The proposed ZUSP–AF will support sub-projects likely to generate some detrimental environmental and social impacts the extent, magnitude and duration of which have not yet been determined. Additionally, there will be new developments whereby the exact nature of the works (or their location) is not currently known. In order to guide environmental and social due diligence and management during implementation of the investments receiving funds from ZUSP-AF, the World Bank’s Environmental and Social Safeguard Policies require the RGoZ to prepare an Environmental and Social Management Framework (ESMF) to guide target urban Local Government Authorities – Zanzibar Municipal Council (ZMC) and Pemba Town Councils (PTCs) in assessing, managing, and monitoring environmental and social impacts of these additional sub-projects.
The RGoZ has developed this Environmental and Social Management Framework (ESMF) (and the Resettlement Policy Framework, which is a stand-alone document) as a tool to be used by the ZUSP and ZMC Project Management Team (PMT) and others responsible for ZUSP-AF project design and implementation.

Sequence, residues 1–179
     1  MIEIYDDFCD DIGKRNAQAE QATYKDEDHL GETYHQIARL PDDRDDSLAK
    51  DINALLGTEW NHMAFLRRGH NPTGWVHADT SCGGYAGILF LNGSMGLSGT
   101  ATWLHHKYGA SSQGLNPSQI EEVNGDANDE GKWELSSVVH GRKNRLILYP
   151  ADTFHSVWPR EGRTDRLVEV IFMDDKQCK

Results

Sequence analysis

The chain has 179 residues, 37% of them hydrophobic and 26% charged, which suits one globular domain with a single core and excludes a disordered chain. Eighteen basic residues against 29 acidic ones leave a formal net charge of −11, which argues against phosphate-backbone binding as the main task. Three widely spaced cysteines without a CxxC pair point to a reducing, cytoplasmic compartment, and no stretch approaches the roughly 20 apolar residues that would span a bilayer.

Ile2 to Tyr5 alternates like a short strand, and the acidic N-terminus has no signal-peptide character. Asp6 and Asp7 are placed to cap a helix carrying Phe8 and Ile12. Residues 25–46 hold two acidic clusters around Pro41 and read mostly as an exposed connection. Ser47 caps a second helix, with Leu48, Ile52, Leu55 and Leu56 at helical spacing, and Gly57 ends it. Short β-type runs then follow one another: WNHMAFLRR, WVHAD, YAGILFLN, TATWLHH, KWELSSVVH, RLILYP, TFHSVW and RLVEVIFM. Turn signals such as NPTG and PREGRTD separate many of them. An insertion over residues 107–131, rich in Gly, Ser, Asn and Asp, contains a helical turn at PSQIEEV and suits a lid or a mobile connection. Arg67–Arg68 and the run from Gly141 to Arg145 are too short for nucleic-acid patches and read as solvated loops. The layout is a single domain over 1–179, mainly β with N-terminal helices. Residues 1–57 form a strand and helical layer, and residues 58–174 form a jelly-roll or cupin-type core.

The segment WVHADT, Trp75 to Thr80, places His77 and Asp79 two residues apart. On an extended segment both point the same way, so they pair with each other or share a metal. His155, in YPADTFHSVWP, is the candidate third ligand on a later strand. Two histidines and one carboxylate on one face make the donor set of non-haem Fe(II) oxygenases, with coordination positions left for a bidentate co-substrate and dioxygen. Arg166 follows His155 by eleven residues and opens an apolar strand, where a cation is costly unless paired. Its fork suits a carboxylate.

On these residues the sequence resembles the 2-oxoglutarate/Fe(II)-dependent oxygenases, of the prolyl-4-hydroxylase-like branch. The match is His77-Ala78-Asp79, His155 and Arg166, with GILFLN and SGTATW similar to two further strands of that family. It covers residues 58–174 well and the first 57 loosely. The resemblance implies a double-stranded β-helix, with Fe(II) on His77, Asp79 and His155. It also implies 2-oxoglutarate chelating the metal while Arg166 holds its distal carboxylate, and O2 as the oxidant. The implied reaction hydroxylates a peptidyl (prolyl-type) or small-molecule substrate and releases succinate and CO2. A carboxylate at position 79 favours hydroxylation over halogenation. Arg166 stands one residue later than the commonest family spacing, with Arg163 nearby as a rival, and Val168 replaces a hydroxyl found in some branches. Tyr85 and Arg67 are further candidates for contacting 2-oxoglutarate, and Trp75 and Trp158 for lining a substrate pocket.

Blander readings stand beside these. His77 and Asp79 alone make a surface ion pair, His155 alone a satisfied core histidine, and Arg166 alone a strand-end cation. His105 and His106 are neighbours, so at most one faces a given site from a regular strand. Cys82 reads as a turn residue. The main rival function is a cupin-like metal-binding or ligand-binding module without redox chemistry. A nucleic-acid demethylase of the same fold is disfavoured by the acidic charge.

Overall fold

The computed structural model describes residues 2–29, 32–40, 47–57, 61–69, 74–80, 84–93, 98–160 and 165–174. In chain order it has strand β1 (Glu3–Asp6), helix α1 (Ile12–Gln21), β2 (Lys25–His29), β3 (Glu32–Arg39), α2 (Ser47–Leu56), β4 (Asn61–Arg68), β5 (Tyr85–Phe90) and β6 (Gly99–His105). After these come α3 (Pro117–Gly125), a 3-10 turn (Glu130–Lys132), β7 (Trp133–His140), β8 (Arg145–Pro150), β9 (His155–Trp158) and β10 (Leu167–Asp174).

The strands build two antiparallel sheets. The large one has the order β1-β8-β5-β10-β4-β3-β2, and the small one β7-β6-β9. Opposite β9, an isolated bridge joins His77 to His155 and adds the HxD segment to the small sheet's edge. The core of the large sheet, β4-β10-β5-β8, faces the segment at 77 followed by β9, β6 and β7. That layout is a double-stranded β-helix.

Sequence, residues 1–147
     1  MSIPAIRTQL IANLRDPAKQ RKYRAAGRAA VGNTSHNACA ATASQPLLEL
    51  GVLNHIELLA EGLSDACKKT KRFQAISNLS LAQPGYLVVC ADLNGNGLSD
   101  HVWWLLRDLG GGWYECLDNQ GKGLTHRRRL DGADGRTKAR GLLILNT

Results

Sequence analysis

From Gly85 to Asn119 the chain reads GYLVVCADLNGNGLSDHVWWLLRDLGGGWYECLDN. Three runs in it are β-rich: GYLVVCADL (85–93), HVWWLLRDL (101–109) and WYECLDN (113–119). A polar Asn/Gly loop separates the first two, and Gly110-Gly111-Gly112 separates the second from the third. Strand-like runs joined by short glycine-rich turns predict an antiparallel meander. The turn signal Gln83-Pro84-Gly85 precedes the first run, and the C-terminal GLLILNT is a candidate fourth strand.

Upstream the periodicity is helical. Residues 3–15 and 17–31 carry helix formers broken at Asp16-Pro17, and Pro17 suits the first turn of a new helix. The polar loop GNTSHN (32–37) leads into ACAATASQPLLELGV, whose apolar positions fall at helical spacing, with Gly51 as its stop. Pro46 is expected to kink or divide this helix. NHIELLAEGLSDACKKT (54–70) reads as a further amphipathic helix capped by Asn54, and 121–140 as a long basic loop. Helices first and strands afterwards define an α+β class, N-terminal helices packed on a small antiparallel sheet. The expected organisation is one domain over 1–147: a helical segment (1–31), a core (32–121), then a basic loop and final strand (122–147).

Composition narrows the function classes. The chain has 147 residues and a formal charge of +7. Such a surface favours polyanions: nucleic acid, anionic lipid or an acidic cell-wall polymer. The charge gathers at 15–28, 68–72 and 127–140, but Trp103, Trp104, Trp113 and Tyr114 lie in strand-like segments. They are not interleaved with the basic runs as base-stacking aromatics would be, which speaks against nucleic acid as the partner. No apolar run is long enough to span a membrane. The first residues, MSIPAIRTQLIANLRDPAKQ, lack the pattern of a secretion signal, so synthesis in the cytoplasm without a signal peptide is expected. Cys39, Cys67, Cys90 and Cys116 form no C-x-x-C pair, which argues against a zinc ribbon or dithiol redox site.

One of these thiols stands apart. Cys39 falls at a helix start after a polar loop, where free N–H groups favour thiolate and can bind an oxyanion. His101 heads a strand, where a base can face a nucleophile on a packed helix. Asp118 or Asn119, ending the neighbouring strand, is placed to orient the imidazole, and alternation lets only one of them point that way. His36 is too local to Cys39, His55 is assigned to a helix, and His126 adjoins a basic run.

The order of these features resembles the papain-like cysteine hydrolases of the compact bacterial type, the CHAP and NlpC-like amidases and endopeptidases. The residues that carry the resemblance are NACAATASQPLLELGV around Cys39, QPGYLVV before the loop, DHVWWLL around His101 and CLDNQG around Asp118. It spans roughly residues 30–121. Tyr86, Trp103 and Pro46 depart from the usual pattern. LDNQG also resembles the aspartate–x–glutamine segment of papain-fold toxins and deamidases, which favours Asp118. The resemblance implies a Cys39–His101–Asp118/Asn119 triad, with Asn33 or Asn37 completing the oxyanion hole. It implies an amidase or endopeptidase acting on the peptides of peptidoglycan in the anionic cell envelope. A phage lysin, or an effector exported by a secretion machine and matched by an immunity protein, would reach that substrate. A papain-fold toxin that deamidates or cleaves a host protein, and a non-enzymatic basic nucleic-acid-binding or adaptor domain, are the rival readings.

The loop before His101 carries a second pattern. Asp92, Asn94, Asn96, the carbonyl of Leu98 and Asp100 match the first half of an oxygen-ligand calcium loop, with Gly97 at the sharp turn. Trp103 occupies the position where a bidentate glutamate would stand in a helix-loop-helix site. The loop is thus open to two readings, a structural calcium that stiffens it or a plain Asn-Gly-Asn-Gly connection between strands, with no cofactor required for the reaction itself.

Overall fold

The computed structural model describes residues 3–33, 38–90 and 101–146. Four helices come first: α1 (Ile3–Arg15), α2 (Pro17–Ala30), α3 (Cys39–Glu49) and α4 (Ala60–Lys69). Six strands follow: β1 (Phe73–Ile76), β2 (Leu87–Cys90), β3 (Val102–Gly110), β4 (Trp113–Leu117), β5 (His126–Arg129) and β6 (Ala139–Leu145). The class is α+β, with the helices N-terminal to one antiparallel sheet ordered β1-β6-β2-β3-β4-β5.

1.1 PURPOSE AND OBJECTIVES OF THE ESMF


The proposed ZUSP Additional Financing Project (ZUSP-AF) has been classified as Category A project with potential to cause significant environmental and social impacts, which is consistent with the parent ZUSP project. Although, most of the low-cost urban upgrading infrastructure investments are envisaged to generate site specific impacts that can be minimized by the application of mitigation measures, it is likely that some activities will cause detrimental impacts albeit at a Category B level. Proposed additional improvements entailing construction of a landfill and sludge treatment facility at Kibele, which have not yet initiated complete technical designs, likely fall under Category A. This ESMF is envisaged as a road map to ensure the sub-projects to be financed under the project are designed and implemented in an environmentally and socially sustainable manner and meet all RGoZ legislative requirements and the World Bank Safeguard Policies.